Over the last 10 years or so I’ve worked with communities in transition. What I’ve notice is that typically problems arise in the parish when someone—it needn’t be the pastor—takes what we might call an engineering approach to the life of the congregation. They have a theory and they are going to fit the community into its framework.
This is also something I see frequently as a spiritual director and confessor. When I talk with people about the different ways they go off track in their prayer lives, at work or with their family and friends the source of their suffering is that life just isn’t working out according to [their] plan. Problems in living arise when life becomes a project to be completed or a problem to be solved and not the other way around. When I lose a living sense of awe in the face of reality, or when I don’t see my life as a mystery to be lived, this is when life becomes a problem. Continue reading →
Mostly what priests encounter in our flocks is what existential or humanistic psychologists call problems in living. Life just becomes flat. Relationships that once were easy and life giving just aren’t anymore. Saddest of all, what was once a source of joy in life is now merely “blah” if not something much worse.
The first step in responding to those moments when life becomes a problem is the accurate apprehension that this is the case. This is the step of affective intuition—I need to have at least a sense of the contours and content of what is wrong. In the human sciences we use a technical term—verstehen—or the “interpretive or participatory examination” of the situation. Continue reading →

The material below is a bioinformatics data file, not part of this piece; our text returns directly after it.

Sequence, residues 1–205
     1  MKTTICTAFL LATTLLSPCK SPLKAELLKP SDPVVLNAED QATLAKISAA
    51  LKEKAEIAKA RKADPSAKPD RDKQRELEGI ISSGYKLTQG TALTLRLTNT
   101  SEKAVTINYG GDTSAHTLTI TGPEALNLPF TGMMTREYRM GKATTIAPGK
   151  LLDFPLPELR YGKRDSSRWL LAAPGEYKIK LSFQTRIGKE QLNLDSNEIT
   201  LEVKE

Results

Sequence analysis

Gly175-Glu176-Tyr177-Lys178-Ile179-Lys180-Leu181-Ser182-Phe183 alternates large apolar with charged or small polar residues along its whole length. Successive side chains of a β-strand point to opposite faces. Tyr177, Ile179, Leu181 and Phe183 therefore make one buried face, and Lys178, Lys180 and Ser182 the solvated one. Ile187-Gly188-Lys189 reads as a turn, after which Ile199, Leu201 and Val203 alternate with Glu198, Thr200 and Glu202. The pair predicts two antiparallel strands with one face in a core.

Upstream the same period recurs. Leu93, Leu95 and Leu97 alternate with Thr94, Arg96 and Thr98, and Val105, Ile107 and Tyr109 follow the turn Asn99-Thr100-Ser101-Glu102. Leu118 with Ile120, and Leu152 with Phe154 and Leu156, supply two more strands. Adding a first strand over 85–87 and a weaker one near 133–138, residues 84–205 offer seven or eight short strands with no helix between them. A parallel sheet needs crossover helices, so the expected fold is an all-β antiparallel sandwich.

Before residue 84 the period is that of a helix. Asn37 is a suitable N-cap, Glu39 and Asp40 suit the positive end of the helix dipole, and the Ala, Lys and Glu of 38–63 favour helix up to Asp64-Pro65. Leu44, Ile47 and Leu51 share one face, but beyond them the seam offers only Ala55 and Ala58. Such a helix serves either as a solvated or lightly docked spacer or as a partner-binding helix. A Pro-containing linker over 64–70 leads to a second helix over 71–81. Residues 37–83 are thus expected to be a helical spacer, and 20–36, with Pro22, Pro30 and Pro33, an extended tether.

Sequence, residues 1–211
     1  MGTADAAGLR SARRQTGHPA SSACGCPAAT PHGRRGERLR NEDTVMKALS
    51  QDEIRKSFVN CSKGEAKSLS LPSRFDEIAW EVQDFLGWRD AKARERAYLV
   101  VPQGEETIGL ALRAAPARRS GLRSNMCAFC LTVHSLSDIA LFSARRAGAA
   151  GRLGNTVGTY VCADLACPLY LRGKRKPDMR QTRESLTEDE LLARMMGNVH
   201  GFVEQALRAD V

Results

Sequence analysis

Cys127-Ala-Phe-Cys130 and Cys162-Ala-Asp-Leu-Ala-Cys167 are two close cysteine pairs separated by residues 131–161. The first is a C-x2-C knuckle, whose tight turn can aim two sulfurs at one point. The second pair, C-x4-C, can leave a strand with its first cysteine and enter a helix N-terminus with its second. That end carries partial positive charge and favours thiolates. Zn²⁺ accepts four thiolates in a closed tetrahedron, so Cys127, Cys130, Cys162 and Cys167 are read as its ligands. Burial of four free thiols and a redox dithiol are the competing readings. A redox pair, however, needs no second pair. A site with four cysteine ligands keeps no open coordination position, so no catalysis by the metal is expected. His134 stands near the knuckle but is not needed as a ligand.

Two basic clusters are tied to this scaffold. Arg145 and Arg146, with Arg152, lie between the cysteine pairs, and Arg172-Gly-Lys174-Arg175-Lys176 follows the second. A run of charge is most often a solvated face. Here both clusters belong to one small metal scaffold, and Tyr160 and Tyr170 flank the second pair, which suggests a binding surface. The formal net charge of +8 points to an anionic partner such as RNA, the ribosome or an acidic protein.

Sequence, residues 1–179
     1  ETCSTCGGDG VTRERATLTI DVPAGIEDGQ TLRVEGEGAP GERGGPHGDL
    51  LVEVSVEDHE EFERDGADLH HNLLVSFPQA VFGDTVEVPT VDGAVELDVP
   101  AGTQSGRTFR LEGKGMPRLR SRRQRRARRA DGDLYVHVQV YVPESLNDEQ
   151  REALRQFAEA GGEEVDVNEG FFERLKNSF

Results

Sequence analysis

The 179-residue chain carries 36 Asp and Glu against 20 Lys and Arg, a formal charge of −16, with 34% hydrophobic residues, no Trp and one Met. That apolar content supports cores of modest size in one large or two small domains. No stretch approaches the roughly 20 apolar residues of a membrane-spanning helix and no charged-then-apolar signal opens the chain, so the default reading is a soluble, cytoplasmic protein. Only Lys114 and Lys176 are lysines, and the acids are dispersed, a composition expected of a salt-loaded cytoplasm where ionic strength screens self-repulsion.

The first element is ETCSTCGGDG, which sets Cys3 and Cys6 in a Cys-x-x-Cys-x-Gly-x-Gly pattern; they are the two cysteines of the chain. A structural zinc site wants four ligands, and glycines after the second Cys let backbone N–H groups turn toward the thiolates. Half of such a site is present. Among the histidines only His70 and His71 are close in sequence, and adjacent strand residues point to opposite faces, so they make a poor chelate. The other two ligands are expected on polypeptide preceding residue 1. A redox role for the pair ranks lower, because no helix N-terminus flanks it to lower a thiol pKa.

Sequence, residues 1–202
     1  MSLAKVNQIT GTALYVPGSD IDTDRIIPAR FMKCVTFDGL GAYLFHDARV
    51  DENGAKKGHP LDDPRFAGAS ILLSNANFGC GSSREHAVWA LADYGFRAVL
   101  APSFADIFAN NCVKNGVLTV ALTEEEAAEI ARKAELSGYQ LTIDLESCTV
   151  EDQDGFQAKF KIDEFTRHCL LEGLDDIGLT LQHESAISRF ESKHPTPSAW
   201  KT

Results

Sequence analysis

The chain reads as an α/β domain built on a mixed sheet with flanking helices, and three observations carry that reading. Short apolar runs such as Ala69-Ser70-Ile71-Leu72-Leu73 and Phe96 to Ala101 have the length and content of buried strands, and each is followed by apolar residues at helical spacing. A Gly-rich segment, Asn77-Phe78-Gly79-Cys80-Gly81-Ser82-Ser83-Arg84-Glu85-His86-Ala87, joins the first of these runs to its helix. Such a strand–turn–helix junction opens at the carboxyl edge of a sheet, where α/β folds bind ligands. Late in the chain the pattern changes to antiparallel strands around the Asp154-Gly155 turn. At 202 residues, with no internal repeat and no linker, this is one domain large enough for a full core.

With much thanks to Chrys, I recently read Donald Sheehan lovely and thoughtful essay, “Dostoevksy and Memory Eternal:An Eastern Orthodox Approach to the Brothers Karamazov.” Sheehan offers the reader a concise treatment of Orthodox theological anthropology as it has been articulated systematically by Metropolitan John (Zizioulas) and artistically by Dostoevksy in his “great, final novel, The Brothers Karamazov.” Summarizing Zizioulas’s essay’s “The Contribution of Cappadocia to Christian Thought,” Sheehan writes that there are “three conditions of personhood – foundational freedom, self-emptying love, and absolute uniqueness.” Reflecting, meditating really, on The Brothers Karamazov, he lists what he calls “the three defining aspects of personhood.” These are “the resurrected self; the relational self; and the joyful self.” Continue reading →
The recent comments in response to my admittedly scattered thoughts on antinomianism have been extraordinarily rich and thought provoking–thank you to all who commented here and to me privately. Since, as the saying goes, no good deed goes unpunished, starting tomorrow I will offer a series of posts that lay out the ground work that might help the Church get beyond the problems we have discussed here these last few days. Specifically, and borrowing shameless from the current practice in Roman Catholic seminaries and religious communities, I want to talk about what to my mind is the most glaring lack in Orthodox pastoral practice and seminary education: human formation.
For those who might know the name, the work of the late Fr Adrian van Kaam (that’s him in the picture on the left) will figure prominently in what I present for our discussion